He also organises and participates in major academic conferences, policy and public events as below:   

  • In 2022, Dr Mason presented at the Institute for Global and Strategic Studies, Universitas Islam Indonesia
  • In July 2019 Dr Mason presented at the first Area Studies Conference, Tsinghua University, Beijing. At the same time, he was invited to present and discuss MENA related topics at the Chinese Academy of Social Sciences.
  • In February 2019, Dr Mason co-organised the symposium “Egypt – Japan Cooperation in the Evolving Strategic Context of Middle East and Asia” with the Embassy of Japan in Cairo.    
  • In January 2019 Dr Mason was discussant at an AUC ‘Tahrir dialogue’ event titled “From Crisis to Peace-Making in Korea” with Professor Chung-in Moon, Special Adviser to the Republic of Korea President for Unification and National Security Affairs.
  • In January 2018 Dr Mason presented a lecture on the Arab – Israeli conflict to visiting undergraduate students from Tsinghua University as part of an AUC Continuing and Executive Education special program
  • In 2017 Dr Mason was invited to co-host, on behalf of AUC, the 14th Korea – Middle East Cooperation Forum in Seoul. Sponsored by the ROK Ministry of Foreign Affairs, the event served to contribute to track 1.5 debates and add insights on important themes concerning the MENA region and a series of bilateral relationships.  

Helping Forge Closer Links and Understanding Between the EU, the League of Arab States and the wider Middle East

The aim of this ongoing research agenda has been to assess European foreign policy comparatively with other actors such as the US, Russia, India and China, in the context of specific Middle East challenges such as the Arab Uprisings, conflict in Syria, and the Mediterranean refugee crisis. Research completed so far shows the EU response has become complicated by the nature of the threats (domestic as well as transnational), the difficulty in balancing affinities with states such as Israel and the US with for example, upholding the Joint Comprehensive Plan of Action (JCPOA) with Iran, and maintaining effective relations with the US during an unconventional presidency and during a period of transition to a multi-polar system. Additional research underpinning the impact stemmed primarily from a funding award 2017 to 2019 (EU grant ENI/2017/389-834). The aim of this research component was to better understand Mediterranean security and transnational security cooperation, covering aspects such as threats, migration, energy, counter-terrorism cooperation and relations with Turkey. It resulted in a number of activities, including a a series of workshops, student conference and working with other European studies scholars to deliver a public lecture series. The research findings were published as Transnational Security Cooperation in the Mediterranean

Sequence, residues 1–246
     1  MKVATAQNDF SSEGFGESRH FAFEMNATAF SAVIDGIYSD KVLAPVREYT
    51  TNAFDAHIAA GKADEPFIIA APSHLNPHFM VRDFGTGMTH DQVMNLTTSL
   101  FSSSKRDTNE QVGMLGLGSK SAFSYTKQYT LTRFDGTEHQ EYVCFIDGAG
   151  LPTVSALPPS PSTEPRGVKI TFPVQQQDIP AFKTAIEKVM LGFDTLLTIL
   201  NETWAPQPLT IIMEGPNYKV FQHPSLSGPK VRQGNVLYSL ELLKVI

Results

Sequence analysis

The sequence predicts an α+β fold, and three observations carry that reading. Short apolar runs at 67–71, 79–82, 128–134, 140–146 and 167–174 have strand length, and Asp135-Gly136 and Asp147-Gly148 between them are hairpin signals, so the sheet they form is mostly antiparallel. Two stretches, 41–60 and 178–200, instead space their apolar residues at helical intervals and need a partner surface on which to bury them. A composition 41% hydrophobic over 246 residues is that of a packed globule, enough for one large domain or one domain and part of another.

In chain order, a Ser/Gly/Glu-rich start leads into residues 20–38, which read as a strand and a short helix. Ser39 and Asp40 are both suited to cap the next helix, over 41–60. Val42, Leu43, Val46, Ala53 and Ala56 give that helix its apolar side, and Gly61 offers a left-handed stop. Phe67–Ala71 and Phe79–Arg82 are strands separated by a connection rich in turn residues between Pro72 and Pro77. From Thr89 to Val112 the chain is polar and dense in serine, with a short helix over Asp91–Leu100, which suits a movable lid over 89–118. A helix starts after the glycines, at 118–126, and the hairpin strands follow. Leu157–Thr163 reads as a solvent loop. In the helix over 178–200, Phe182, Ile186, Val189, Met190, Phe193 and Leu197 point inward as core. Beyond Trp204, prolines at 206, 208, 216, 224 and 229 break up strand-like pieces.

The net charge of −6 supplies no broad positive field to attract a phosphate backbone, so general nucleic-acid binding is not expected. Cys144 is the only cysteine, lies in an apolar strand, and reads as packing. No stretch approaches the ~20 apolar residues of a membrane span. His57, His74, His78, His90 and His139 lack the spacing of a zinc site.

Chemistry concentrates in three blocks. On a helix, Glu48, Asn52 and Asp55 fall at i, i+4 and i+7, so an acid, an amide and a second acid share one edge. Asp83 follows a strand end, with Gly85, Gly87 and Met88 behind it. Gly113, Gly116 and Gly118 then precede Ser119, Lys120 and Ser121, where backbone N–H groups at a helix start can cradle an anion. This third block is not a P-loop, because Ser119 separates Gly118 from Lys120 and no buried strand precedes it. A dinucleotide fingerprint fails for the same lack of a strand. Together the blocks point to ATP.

In February 2019, Dr Mason was invited to write an op-ed on EU – Egyptian relations for Spot On, a publication of the Euromesco network. The findings were disseminated across the network and to subscribers, including the European policymaking community in Brussels and in other European capitals.

In May 2019, Dr Mason convened an EU – Middle East policy round table event in Cairo. As Ambassador James Moran, former Principle Adviser on the Middle East and North Africa at the EU’s External Action Service in Brussels states: 

“This seminar was attended by a group of high level Officials and experts from Europe, Egypt and the League of Arab States. It produced a number of recommendations on how to take the new Euro-Arab summit process forward on both Official and Track two levels. These are currently under consideration by the EU and the LAS.”